Each year I like to set goals at the beginning of the year, just to give myself some good direction.
My Big Rocks
You may have heard of the theory of the "big rocks". It's a demonstration involving containers filled with rocks, sand and water. You can watch the video, but the main point is that you should start with a handful (1-3) large goals and make them the focus and plan everything else around that, otherwise it easy to get distracted by all the other stuff going and not find time to fit those things in.
My biggest goal for this year is the podcast. It's taking up a large amount of time and energy and I'd like to figure out how to monetize it. Now the point of creating the podcast is not strictly to make money. It's to serve the community and to serve as marketing, yet it would be nice if I could find a way to at least break even and maybe make a few dollars. I'm in talks with several potential sponsors, so that should be doable. The trick is to do it in a way that respects the purpose of the podcast.
My business is split in 2 parts. On one side we do project based work, where we write the code ourselves. On the other side we do training/coaching/consulting work, where our clients write the code, but we point them in the right direction. The past 2 years, the project work has dominated, so I'd like to work on developing the other side of my business. I'm playing around with some new ideas on how to deliver workshops and maybe incorporating some pre-recorded online components and different scheduling options. I'd like to develop and deliver a TDD and a CI workshop this year. I'm also in talks with DSH Workshops about maybe doing a joint workshop at GDevCon NA. Expect lots of activity on that front this year.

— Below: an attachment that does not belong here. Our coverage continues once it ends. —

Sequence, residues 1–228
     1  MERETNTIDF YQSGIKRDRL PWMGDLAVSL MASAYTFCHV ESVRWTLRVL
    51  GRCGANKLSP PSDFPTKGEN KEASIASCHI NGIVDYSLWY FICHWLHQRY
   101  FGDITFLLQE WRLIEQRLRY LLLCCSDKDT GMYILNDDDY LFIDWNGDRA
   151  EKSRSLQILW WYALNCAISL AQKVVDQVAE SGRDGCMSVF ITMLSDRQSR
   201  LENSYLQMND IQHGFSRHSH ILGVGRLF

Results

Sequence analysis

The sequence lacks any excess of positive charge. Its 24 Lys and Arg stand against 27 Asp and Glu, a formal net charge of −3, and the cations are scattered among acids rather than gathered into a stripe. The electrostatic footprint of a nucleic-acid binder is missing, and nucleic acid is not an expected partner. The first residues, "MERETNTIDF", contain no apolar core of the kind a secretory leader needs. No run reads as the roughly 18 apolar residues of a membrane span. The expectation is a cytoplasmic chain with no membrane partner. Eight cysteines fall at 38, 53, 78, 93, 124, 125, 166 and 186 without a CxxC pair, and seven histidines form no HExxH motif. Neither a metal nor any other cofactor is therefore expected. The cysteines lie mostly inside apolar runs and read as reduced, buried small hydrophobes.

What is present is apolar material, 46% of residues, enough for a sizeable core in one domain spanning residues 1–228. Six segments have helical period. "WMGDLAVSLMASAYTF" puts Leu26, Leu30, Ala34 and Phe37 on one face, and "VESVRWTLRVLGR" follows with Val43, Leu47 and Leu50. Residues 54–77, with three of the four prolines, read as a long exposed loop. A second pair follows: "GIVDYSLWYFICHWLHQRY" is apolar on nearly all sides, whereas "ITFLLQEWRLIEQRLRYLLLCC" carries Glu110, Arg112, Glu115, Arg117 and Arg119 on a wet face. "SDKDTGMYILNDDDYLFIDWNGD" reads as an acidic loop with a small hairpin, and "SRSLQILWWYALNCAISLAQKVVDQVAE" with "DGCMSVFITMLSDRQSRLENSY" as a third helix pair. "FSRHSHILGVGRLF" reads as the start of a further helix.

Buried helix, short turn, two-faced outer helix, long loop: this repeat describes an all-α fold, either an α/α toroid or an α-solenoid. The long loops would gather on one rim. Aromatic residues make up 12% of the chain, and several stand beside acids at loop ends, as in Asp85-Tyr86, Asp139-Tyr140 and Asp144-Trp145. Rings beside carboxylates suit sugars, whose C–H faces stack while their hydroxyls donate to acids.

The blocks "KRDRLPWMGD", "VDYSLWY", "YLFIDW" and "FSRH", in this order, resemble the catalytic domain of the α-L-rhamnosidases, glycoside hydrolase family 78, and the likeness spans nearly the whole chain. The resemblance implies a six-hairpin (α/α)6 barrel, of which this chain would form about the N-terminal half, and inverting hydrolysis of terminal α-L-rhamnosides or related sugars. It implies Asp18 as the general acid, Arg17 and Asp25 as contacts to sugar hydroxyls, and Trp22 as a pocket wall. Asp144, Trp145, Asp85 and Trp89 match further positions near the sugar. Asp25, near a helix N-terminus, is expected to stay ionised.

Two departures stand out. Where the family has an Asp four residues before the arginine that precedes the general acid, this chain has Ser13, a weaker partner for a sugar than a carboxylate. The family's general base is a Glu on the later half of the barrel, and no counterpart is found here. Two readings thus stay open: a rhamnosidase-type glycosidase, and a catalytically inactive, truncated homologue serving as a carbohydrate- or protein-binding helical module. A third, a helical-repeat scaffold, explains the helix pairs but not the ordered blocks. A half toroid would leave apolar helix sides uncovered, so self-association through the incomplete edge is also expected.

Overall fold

Lastly, while I'm still a fan of LabVIEW, I'm not entirely sure of its future. I did just start a LabVIEW podcast, so there is still some optimism there. I am trying to hedge my bets though by learning some other languages. Since Python integrates so well with LabVIEW and TestStand, it seems like a natural choice. Last year I took a Python Course from EnThought. I've already signed up for another EnThought course for 2023 and I am planning on several more. My goal at the end of all this is to find a gig where I can get paid to write Python code, hopefully one that involves integrating LabVIEW and Python. Taking courses is great, but I feel like the real way to learn is on the job.
It the past I have used the acronym PIE, which I picked up from Mark Lund, when setting yearly goals.
- Professional - Your technical skills.
- Interpersonal - How well you play with others
- Exposure - How well others know you exist
If you look at my 3 big rocks, collectively they hit all 3 of these categories. The podcast gives me exposure. I get to work on my interpersonal skills during the interviews and I get to learn a lot from some really smart people. Teaching workshops also fits all 3. In prepping for the workshops I increase my own technical knowledge. I work on my interpersonal skills while interacting with the students and the more workshops I teach the more exposure I get. The last rock, learning Python, is purely professional. I'm just adding another technical tool to my toolbox.
Every year I put together a reading list. It's more a guideline. I gather what I think is a reasonable list and then throughout the year I'll call an audible if I find some other book not on this list that is more appropriate. I'm happy if I get through 1/2 these books by the end of the year.
In no particular order, here is this year's list.
- Secure By Design - Dan Bergh Johnsson, Daniel Deogun, Daniel Sawano
- Are Your Lights On? How to Figure Out What the Problem REALLY Is - Donald M. Gause, Gerald M. Weinberg
- The Design of Everyday Things - Don Norman
- Debugging Your Brain - Casey Watts
- S&T Happens. Surviving and Thriving in a VUCA World - Rob England and Dr. Cherry Vu
- A Philosophy of Software Design - John Ousterhout
- Kill it With Fire. Manage Aging Computer Systems and Future Proof Modern Ones - Marianne Bellotti
- How to Talk about Data - Martin J. Eppler & Fabienne Bunzli
- Cybersecurity For Small Networks. A No-Nonsense Guide for the Reasonably Paranoid - Seth Enoka
- Accelerate - Nicole Forsgren PHD, Jez Humble, and Gene Kim
- Ethical Hacking - Daniel J Graham
- Modern Software Engineering - Dave Farley
- Test Driven Development by Example - Kent Beck
- Technical Agile Coaching with the Samman Method - Emily Bache